A novel of the immigrant experience in America
May 25 | 2020
The Rise of David Levinsky, published in 1917, is an early example of …
November 15 | 2016
In “The Etiquette of Freedom,” the writer Gary Snyder reminds us:
Our bodies are wild. The involuntary quick turn of the head at a shout, the vertigo at looking off a precipice, the heart-in-the-throat in a moment of danger, the catch of the breath, the quiet moments relaxing, staring, reflecting—all universal responses of this mammal body. They can be seen throughout the class.
Children’s literature may be among the only refuges for this idea. But even there, it doesn’t roam free. We think of the children’s classics as being full of animals with human attributes. Take Wilbur the pig, for instance, in Charlotte’s Web. With his spider ally, Charlotte, and his human ally, Fern, Wilbur plots to avert his own end in the slaughterhouse. We recognize the human in Wilbur, but do we acknowledge the pig in Fern? The strength of the bond between girl and pig suggests so. So does E.B. White’s knowledge of pigs.
In creating Wilbur, White didn’t just slip a human voice into pig’s trotters. Charlotte’s Web was published in 1952, five years after White had written his essay “Death of a Pig.” In 1947 White was living on a farm, where he’d become familiar enough with pigs to chat about their “deep hemorrhagic infarcts,” not to mention their “coy little lashes.” White had purchased a pig with the intention of regaling it with food and then performing “first degree murder.” Instead he found himself “cast suddenly in the role of the pig’s friend and physician.” He knew the brute right down to the “pink, corrugated area” of its throat.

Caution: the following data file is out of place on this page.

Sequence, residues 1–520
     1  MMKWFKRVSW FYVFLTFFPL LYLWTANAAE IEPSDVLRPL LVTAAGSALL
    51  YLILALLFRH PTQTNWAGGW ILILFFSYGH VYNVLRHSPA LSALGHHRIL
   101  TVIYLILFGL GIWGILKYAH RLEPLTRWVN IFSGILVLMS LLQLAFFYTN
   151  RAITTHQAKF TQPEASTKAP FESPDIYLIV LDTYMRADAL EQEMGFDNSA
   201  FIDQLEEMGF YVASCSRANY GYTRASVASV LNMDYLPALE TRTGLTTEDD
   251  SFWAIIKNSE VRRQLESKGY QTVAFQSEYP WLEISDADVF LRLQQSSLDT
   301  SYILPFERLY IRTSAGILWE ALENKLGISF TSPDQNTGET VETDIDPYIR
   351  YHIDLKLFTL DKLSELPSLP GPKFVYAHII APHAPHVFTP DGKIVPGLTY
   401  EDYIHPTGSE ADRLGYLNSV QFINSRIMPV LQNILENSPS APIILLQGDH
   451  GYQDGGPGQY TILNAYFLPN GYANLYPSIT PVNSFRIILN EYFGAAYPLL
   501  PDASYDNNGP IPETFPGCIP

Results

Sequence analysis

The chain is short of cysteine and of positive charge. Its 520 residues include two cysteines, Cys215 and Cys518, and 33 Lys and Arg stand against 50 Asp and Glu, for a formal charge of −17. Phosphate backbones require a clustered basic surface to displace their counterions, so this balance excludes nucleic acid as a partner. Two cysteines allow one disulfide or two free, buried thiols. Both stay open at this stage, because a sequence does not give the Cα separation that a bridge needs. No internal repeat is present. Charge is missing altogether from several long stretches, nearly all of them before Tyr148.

Wilbur came out of the farmyard as much as he did from E.B. White’s imagination. There’s got to be some pig in Wilbur, and in loving Wilbur, we recognize, albeit dimly, the even-toed ungulate in all of us.